Snook are found from central Florida south, usually inshore in coastal and brackish waters. They are also common along mangrove shorelines, seawalls, and bridges. Snook are also on reefs and around pilings nearshore. They congregate in large schools during summer in deep passes and inlets to spawn. Snook begin life as males, but between 18 and 22 inches long some become females. Spawning occurs primarily in summer. Snook school along shore and in passes during spawning season. They feed on fish and large crustaceans. The FinSanity record is 44 inches and The Florida State record is 45 lbs. 12 oz., caught near Sebastian, Florida.
Redfish are the premier gamefish in the Tampa Bay region known for their drag screaming fun fight. They are bright or dark gold red color on the back, which fades into white on the belly. Also known as Red Drum, they have a characteristic false black eye near the tail to trick predators such as Dolphin and sharks. A Three-year-old Red Drum typically weighs around six to eight pounds. When they are near or over twenty-seven inches, they are called "Bull Reds". The FinSanity record is 44 inches and The Florida State record is 52 lbs. 5 oz., caught near Cocoa, Florida.
Speckled Trout (Sea Trout)
Seatrout found inshore and nearshore in and around seagrass covered mangrove-fringed shorelines, deep holes and channels and above oyster bars. Free-line live shrimp or small pinfish (grunts) near the bottom to entice trout out of grass-bed holes. Attaching a float will allow these baits to drift over the grass beds as you search for trout. Casting with soft-bodied jigs, top-water poppers and spoons can be effective. Larger fish commonly known as Gator Trout can reach lengths of 30 inches or more. The FinSanity record is 32 inches and The Florida State Record is 17 lbs. 7 oz, caught near Ft. Pierce Florida.
Mangrove or "Gray Snapper" fishing can be some of the most exciting fishing in our waters. Mangrove's can be found on bridges, reefs & wrecks. Mangrove Snappers are very feisty and will often strike live or dead bait with reckless aggression. Catching mangrove is easiest if you chum them up to the surface. Once you get them fired up and in a feeding mood it can be an epic experience. Capt. Chuck is a true pro at Mangrove Snapper fishing as this is one of his specialties. The Florida State Record is 17 lbs. caught in Port Canaveral Florida.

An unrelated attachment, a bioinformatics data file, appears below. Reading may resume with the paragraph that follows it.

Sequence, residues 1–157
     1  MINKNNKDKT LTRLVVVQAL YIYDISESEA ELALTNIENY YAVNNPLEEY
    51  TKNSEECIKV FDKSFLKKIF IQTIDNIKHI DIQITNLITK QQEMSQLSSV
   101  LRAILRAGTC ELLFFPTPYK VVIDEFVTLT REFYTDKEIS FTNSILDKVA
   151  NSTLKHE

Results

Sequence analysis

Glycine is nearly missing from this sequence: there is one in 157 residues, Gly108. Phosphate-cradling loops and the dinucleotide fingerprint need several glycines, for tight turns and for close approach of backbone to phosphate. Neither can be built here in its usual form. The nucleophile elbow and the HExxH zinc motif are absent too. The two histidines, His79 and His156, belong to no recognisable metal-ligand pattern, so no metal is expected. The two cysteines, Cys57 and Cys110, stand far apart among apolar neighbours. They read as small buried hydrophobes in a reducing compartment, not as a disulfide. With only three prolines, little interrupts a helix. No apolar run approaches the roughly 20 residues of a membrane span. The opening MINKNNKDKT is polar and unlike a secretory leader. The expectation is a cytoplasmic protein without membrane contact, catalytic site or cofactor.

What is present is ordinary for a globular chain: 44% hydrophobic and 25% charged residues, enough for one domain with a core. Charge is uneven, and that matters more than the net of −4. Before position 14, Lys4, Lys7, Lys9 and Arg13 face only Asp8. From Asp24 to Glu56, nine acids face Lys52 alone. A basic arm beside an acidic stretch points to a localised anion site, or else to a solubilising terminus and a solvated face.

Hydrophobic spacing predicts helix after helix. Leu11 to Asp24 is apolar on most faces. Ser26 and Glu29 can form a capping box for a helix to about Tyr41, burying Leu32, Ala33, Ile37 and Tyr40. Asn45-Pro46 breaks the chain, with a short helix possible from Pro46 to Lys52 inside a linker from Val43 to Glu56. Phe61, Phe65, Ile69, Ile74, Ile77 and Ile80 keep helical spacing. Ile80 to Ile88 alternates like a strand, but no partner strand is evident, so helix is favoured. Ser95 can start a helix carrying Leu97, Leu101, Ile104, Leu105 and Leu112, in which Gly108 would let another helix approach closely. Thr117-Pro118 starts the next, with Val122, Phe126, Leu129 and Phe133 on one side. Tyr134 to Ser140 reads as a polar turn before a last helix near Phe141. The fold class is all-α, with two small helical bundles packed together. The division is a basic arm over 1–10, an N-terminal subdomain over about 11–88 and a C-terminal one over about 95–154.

Artificial Eels, large shrimp and pinfish are go to baits for cobia. They are primarily surface feeders, but if cobia are deeper in the water column, add just enough weight to get the bait down and still retain its movement. Medium to heavy tackle is required to land these fish which average 30 pounds. Large fish in the 50--80-pound class are frequently caught and cherished by the lucky angler who outmatches these powerful fish. Cobia are excellent table fare. The FinSanity record is right at 50 inches and The Florida State record is 130 lbs. 1 oz, caught near Destin, FL.
Tripletail are ambush predators. These prehistoric looking fish can often be found on their sides, near pilings, buoys, and other floating objects. When a well-placed cast of a shrimp or jig is presented to them, They move quickly to strike and will attack with ferocity. They are known for their determination and fighting spirit. They are a blast to stalk and site cast. Capt. Chuck and his guests have caught many fish over 15lbs. and The Florida State Record is 40 lbs. 8oz lbs. caught in Ft. Pierce.
Tarpon are considered one of the greatest of saltwater game fish, not only because of their size and their accessible haunts, but also because of their fighting spirit when hooked; they are very strong, making spectacular leaps into the air. The flesh is undesirable and bony. In Florida and Alabama, a special permit is required to kill and keep a tarpon, so most tarpon fishing there is catch and release.
Although a variety of methods are used to fish for tarpon (bait, lures and fly's on spinning, conventional or fly rod), is the method that has garnered the most acclaim. It is a sport akin to hunting, combining the best elements of hunting with fishing. The FinSanity record is 60 inches and The Florida State Record is 243 lbs. caught in Key West Florida.
Flounder inhabit a wide variety of coastal habitats including brackish water rivers, tidal creeks, bays, estuaries, beaches, muddy or sandy bottoms and near-shore rocky bottoms. Anglers generally use light spinning tackle and often target flounder close to shoreline structure including stumps, dock piles, seawalls and bridge piles, which are good points of ambush. While flounder can be caught with a wide variety of natural or artificial baits, most anglers prefer to use live mud minnows, live finger mullet, live or frozen shrimp, cut bait or jigs. The Florida state record is 20 lb 9 oz, caught in Nassau County.